"Hello Betty: How would you like to take a ride on those horses down that hill? Would you? I wish you could be here to ride with us."
Much of our postcard collection is available through our digitized Historic Photographs, but what our virtual visitors may not realize is that some of our postcards were actually used and include letters, addresses, and postage.
Many of the cards are from the first half of the twentieth century and have come back to Brooklyn after travelling to Pennsylvania, Illinois, Massachusetts and even Cuba. As you would expect, many were sent by vacationers, who provide an outsider's view of Brooklyn. One writer remarks that the Soldiers and Sailors' monument is "pretty", while Earl writes he is having a "fine time" in Coney Island.
But postcards were also used to write notes and letters. Often, these cards feature images of Brooklyn that may not be on a tourist's itinerary: the Long Island Storage Warehouse, Brooklyn Public Library, Fort Hamilton Avenue or the Troop C Armory, for example. Cassie from Delaware County used a postcard to tell her mother she had "got here all right." Margie from Dorchester, MA wrote to say she'd be arriving home on the six o'clock train on Saturday. And Edith Hyden sent a card depicting Pratt Institute to her Aunt Minnie in New Hampshire because she thought "you might like to know where I go to school."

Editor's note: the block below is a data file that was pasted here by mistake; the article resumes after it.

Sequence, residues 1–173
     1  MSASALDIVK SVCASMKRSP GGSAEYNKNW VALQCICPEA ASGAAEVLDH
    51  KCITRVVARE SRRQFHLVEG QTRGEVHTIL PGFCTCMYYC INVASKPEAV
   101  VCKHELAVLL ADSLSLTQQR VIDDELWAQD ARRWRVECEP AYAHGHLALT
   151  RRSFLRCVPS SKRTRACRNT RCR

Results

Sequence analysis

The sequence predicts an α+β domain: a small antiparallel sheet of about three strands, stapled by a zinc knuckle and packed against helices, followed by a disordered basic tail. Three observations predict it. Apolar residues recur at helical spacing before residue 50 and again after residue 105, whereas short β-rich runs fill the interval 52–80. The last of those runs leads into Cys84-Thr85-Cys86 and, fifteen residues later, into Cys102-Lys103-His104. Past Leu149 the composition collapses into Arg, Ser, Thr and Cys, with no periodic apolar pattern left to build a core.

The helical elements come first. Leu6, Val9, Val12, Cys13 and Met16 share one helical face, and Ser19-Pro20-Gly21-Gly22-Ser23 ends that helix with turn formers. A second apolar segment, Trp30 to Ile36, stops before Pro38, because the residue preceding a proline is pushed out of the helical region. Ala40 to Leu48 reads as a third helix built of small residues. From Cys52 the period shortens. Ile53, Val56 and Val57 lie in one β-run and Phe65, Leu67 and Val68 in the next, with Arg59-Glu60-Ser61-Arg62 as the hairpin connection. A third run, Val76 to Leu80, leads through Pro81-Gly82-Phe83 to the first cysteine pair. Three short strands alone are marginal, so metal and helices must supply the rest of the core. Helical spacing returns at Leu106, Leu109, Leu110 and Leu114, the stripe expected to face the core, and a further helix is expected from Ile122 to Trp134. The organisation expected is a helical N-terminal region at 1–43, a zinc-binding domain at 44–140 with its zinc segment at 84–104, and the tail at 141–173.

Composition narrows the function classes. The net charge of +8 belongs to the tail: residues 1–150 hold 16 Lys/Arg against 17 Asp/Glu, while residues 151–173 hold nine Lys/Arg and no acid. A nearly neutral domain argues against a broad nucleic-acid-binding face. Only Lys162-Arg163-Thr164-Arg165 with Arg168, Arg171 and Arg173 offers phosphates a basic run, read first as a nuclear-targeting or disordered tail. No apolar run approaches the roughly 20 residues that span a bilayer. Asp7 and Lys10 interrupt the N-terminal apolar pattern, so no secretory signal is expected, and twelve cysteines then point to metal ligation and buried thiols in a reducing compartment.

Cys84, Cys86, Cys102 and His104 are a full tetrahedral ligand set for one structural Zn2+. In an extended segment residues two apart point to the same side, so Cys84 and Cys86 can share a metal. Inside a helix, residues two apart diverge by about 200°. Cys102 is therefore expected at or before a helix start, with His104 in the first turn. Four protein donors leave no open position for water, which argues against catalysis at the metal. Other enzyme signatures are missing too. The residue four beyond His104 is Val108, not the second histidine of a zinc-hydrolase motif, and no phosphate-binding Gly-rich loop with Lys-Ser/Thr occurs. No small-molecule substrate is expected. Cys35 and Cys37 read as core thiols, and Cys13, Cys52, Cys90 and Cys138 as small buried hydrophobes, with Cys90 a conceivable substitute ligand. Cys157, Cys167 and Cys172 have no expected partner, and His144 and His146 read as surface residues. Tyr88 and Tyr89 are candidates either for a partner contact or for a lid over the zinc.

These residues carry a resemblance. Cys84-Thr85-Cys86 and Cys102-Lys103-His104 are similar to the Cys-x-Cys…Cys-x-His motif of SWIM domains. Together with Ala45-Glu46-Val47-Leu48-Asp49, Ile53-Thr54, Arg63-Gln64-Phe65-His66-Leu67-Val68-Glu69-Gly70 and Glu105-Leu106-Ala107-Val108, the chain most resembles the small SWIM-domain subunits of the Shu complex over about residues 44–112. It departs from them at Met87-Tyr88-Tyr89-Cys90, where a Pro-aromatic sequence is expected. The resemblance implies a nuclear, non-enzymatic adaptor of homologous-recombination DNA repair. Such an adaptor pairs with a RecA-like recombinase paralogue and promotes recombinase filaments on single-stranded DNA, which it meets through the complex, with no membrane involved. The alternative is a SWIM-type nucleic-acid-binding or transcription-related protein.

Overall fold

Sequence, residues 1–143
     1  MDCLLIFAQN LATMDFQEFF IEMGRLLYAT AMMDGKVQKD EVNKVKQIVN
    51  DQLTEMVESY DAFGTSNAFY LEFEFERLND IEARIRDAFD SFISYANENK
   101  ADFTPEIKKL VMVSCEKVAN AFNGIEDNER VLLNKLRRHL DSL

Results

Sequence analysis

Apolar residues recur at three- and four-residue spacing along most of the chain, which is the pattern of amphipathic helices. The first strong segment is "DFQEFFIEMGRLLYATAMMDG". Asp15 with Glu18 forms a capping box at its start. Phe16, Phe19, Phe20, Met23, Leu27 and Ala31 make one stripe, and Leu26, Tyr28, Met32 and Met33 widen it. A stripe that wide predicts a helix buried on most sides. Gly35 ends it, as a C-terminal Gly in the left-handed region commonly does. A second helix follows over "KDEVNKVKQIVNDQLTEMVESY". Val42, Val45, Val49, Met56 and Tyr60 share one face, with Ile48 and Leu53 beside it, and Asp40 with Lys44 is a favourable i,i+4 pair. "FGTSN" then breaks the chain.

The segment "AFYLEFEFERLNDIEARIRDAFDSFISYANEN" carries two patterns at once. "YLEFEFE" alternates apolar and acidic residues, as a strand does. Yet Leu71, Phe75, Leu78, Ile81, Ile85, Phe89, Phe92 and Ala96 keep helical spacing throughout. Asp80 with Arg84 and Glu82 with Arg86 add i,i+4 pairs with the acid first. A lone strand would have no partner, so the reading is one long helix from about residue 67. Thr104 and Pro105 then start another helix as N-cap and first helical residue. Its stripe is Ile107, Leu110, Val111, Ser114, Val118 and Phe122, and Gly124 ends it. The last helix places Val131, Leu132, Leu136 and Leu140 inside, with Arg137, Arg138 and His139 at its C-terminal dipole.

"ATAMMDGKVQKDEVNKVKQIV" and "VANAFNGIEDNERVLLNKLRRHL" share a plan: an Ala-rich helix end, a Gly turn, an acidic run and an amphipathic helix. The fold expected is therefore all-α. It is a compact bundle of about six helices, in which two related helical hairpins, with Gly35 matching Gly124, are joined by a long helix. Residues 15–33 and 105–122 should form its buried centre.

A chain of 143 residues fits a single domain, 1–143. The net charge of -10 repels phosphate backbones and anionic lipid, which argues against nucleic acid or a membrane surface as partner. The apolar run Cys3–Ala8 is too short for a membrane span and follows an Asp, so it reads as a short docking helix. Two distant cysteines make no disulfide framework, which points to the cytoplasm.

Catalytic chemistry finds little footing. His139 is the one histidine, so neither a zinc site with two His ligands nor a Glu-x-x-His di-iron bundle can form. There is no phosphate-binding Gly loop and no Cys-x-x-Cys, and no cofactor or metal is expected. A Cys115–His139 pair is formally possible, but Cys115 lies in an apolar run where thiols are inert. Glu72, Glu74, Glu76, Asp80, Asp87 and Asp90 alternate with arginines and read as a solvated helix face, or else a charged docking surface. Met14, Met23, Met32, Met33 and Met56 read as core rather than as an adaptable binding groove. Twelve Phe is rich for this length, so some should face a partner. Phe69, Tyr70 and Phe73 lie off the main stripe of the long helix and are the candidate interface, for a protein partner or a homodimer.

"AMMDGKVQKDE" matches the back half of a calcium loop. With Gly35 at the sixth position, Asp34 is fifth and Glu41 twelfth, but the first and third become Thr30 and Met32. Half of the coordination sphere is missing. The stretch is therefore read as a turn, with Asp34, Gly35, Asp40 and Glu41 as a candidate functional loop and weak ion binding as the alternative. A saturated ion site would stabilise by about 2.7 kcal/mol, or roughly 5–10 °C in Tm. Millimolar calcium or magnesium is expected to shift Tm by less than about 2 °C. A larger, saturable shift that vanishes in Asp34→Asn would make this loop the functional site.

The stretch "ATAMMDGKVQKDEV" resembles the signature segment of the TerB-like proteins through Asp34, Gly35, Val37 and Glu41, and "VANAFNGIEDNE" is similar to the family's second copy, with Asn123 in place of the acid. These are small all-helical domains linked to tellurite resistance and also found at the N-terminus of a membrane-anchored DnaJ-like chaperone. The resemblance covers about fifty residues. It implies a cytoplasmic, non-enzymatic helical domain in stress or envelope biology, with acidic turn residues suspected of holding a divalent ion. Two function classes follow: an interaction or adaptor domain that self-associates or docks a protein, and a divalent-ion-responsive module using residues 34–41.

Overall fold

My personal favorites are the longer postcards, that give us a brief glimpse into the life of an individual: "Dear Mr. Losee: You left so early and in such a hurry on saturday morning that I didn't get a chance to say Good-Bye to you. So here goes now. "Good-Bye" and I hope we'll meet again in the near future. Our trip home was real nice and we all arrived O.K. What kind of a time did you have in Millerton? Real jolly I hope. So now, once more thanking for that treat on Friday. I am your friend." Who were these two and how did they meet?
Postcards bring out the "human" side of Brooklyn history: birthday wishes, invitations to parties, and good luck messages at the start of a new school year. Friends write to each other, expressing the hope of seeing one another during the next holiday, or apologizing for not stopping by when they were last in town. These postcards help us to remember that Brooklyn's history included the same daily relationships we all work to maintain today -- now through Facebook, Email and Text Messages.
And then of course, there are the truly cryptic postcards that just make us wonder. In 1906 a postcard from Coney Island was sent with the shortest of messages:
Poor Fred, I guess his trip to Coney Island wasn't as cheerful as it should have been.